After founding Inspired Work, most people and organizations used our services to change their lives and their cultures. We helped them overhaul their thinking to make room for a great relationship with their work. Typically, courage was required to work with us. An individual would come through our doors ready to embrace their own truth, even if they were distracted or unaware of what that might actually be. Organizations recognized that truth and transparency exacted a price.
30 years later, the world around us has changed. In fact, 2006 represents the boundary between how work was viewed and treated before the restructuring. It was the last generation of a “rinse and repeat” cycle in the world of work. There was a talent war taking place. That meant employers treated their talent and possible candidates with greater care and respect. When the bottom fell out of our economy in 2008, most people with jobs or looking for jobs were treated as “expendable.” People tend to ask for less money when that happens, and survivors are more afraid to leave.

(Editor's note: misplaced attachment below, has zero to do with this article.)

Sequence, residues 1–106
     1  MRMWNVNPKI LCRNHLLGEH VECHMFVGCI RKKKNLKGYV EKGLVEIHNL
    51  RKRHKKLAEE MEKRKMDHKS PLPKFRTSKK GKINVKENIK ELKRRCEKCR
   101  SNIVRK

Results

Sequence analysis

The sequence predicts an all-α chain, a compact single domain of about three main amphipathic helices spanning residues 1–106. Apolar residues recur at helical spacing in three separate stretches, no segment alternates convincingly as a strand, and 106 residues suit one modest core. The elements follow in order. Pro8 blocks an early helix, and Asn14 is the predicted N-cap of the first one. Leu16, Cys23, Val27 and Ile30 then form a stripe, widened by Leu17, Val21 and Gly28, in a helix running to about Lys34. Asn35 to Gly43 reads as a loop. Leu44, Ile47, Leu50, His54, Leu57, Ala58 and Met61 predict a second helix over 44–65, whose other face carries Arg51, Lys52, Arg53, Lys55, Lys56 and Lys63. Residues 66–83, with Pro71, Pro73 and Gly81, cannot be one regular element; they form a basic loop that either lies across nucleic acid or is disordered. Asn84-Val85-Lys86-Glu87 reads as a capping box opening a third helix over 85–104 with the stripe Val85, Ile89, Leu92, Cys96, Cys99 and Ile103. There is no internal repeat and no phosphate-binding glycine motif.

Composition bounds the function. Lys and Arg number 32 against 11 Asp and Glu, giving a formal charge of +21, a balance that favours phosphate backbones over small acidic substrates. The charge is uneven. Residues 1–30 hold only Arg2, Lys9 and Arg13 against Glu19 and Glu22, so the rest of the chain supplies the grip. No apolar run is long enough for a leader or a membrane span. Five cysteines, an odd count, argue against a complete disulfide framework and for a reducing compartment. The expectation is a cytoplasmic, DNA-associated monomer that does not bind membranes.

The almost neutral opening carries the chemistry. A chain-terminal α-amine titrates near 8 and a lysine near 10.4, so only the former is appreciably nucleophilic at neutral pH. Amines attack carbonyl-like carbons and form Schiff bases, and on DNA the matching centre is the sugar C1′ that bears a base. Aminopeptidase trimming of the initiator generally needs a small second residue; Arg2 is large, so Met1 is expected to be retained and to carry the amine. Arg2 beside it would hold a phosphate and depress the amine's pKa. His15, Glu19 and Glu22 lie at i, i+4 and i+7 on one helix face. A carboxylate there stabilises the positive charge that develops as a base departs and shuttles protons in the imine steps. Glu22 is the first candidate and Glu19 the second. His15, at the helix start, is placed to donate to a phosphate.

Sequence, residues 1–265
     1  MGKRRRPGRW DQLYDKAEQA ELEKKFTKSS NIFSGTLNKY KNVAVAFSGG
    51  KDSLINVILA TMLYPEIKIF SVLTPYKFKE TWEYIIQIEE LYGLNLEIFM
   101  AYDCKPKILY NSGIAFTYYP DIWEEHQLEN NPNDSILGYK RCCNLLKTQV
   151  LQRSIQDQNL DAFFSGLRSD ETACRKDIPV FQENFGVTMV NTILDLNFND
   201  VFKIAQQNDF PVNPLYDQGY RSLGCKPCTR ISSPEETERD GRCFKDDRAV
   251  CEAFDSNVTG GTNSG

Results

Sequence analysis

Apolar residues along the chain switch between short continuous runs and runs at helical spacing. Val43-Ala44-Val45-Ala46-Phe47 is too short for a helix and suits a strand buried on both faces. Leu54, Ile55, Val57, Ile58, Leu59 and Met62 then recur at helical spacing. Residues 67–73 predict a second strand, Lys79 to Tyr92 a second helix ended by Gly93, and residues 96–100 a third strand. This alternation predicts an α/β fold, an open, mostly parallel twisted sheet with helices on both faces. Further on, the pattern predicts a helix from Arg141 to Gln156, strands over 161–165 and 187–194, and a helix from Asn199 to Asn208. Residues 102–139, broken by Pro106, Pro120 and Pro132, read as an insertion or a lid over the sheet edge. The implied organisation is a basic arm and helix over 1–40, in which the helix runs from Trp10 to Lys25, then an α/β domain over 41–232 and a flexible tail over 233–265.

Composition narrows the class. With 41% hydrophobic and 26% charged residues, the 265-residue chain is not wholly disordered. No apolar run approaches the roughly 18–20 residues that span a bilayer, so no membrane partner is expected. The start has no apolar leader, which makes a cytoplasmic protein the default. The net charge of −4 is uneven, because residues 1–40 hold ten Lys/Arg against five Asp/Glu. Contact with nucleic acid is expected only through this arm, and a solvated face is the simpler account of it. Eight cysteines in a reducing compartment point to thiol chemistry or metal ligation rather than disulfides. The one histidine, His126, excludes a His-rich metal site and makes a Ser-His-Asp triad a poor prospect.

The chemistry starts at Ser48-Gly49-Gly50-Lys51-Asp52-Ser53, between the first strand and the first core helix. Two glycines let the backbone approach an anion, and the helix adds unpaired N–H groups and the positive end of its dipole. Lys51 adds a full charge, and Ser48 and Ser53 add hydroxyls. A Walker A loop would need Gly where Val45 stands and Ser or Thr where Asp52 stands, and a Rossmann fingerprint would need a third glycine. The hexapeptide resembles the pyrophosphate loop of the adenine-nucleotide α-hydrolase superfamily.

But, while organizations and workers became distracted by the need to survive, change accelerated in utterly unrecognizable ways. Advancing technology is getting rid of task work. Shocking new transparency fueled by every worker becoming an onsite journalist spawned the Me Too movement and the truth about every institution, whether hallowed or out of the public eye.
After gobs of research and study, I believe that underemployment is the single most significant contributor to the political turmoil we are witnessing right now. After 50 years of focus-group politics, our leaders don’t tell us what we need to do, they promise what we want to hear.